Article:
Part III: Reading more intentionally
Every year I set my Goodreads challenge8 at 50 books, and every year I’ve failed to reach that goal. (To be fair to myself, if I actually took advantage of the “reread” feature on the site, I think I would actually reach the 50-book goal. However, I don’t think my annual reread of the Harry Potter series really counts; I want to read 50 new books every year.)
This year, my goal is still 50 books, but I’m also going to be more intentional with my book choices. As nice as it is to read widely, in genres I would normally have no business reading (the Outlander series is a guilty pleasure of mine), I also recognize that I must have a deeper familiarity with my chosen genre of literary fiction.
So this year I hope to focus on reading American literary classics, contemporary literature, as well as more nonfiction. In addition to being more focused in my choice of reading material, I want to regularly reflect on the books I read. I’ve done this informally for years, in my journals and in the odd book review blog, but I want to be more systematic about reflecting on my reading. Nothing too heavy, just answering questions like “What made the book an enjoyable read?” or “What did I not like about this book?” or “What do I think of the treatment of the subject matter?”
Why am I studying writing?
2017 was a mixed bag of writing for me. Some highlights of the year included taking classes with Gotham, volunteering to read submissions for a few literary publications, and starting to submit my own work to literary magazines I’ve been reading regularly. But I also failed in a few ways that were disheartening. I started several blog posts only to let them languish in my drafts. I wrote 40,000 words of a new novel during the first half of the year, but I haven’t added any more words to it since June. I missed deadlines for literary magazines. I failed the aforementioned Goodreads challenge. I failed all my NaNoWriMo and Camp NaNoWriMo attempts in 2017, whereas I blasted through them in 2016.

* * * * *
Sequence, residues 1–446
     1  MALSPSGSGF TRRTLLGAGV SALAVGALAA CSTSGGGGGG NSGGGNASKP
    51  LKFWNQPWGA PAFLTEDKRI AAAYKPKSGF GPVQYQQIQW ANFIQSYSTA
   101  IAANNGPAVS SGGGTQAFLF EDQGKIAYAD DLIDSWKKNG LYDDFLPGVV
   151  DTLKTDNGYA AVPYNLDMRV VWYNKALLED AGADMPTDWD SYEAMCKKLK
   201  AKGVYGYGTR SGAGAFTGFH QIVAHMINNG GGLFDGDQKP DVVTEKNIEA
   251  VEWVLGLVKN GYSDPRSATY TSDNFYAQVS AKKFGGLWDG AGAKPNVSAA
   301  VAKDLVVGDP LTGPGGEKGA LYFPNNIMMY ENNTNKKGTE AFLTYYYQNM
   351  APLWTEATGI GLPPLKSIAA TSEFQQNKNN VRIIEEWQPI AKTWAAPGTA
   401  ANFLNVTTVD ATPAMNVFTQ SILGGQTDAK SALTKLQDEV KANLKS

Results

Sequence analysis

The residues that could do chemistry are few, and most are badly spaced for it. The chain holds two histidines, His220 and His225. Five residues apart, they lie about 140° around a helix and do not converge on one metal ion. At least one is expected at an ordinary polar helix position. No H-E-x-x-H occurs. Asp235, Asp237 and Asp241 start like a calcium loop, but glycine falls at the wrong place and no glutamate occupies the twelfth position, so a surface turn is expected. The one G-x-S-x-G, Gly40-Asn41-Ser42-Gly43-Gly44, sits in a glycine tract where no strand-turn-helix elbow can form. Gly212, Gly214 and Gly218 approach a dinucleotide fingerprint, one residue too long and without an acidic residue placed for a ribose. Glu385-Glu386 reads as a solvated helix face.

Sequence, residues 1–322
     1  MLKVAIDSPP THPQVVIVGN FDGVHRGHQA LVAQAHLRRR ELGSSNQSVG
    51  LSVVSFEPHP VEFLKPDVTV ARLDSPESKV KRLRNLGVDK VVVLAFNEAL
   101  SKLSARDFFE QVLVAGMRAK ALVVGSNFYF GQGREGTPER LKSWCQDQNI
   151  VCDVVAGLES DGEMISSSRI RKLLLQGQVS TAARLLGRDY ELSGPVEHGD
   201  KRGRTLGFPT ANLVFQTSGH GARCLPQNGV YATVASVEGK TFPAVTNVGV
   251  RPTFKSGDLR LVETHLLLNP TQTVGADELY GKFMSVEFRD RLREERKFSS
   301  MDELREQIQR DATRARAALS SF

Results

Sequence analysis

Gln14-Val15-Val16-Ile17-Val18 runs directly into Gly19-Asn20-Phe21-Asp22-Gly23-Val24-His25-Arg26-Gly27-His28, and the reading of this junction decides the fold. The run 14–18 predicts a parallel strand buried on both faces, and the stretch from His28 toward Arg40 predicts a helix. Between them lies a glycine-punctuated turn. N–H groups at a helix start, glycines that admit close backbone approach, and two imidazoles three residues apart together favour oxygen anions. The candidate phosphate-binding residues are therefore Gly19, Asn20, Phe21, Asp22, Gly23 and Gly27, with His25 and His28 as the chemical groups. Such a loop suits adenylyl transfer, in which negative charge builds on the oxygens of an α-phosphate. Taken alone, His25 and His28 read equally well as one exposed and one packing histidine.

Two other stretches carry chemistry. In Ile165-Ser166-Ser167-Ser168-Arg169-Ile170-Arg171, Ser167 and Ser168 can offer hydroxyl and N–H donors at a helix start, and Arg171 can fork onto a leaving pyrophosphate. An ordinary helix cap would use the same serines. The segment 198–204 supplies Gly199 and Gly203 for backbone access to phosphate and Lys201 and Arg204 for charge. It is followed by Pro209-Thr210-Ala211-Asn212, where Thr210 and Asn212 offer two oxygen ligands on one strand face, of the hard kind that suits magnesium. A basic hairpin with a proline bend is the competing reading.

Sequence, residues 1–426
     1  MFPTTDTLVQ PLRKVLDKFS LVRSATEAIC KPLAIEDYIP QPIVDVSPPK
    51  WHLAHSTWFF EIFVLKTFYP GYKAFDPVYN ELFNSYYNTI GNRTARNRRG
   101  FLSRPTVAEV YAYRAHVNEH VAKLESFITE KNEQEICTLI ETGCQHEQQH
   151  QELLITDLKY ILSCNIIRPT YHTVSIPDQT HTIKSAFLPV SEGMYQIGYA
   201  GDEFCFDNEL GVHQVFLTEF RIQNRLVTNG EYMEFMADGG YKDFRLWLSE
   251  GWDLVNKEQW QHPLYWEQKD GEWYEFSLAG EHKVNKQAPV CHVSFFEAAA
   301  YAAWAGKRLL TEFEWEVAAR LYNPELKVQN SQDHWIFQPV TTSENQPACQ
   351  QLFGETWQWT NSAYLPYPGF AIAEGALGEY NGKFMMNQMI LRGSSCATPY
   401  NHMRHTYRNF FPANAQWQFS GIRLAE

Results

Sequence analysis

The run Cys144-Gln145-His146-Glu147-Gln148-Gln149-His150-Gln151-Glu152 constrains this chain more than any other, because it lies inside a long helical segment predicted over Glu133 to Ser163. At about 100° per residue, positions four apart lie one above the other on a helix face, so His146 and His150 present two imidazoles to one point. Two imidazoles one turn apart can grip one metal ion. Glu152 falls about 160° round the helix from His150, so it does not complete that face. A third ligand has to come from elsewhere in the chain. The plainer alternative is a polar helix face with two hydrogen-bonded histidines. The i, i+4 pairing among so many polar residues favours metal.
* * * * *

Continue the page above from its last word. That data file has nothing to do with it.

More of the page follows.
To me, my failures were all clues that something needed to change about the way I was going about writing, and figuring out the patterns of what excited me most has helped me decide what to change. Plus, there will never be a point in my life where my writing reaches “perfection”—whatever that is. Writing will be a lifelong pursuit, and I will be constantly learning new things in order to keep growing as a writer. This learning plan that I’ll be testing out this year will hopefully extend beyond this year, into the rest of my writing career.
What about you? What are you learning this year?
This post was written as part of the #AuthorToolboxBlogHop organized by the human dynamo, Raimey Gallant. Every month, authors at all stages of their career blog about specific resources/learning opportunities for fellow writers. To continue hopping through other great blogs in the monthly #AuthorToolboxBlogHop, click here.
Header image from Pixabay.
 Gotham Writers Workshop
 MIT OpenCourseWare
 Writing and the Environment, Spring 2005
 Google Calendar of W&E “due dates”; follow along if you’re interested!
 Writer’s Digest Weekly Writing Prompts
 Poets & Writers
 Writing Exercises
 My 2018 Goodreads Challenge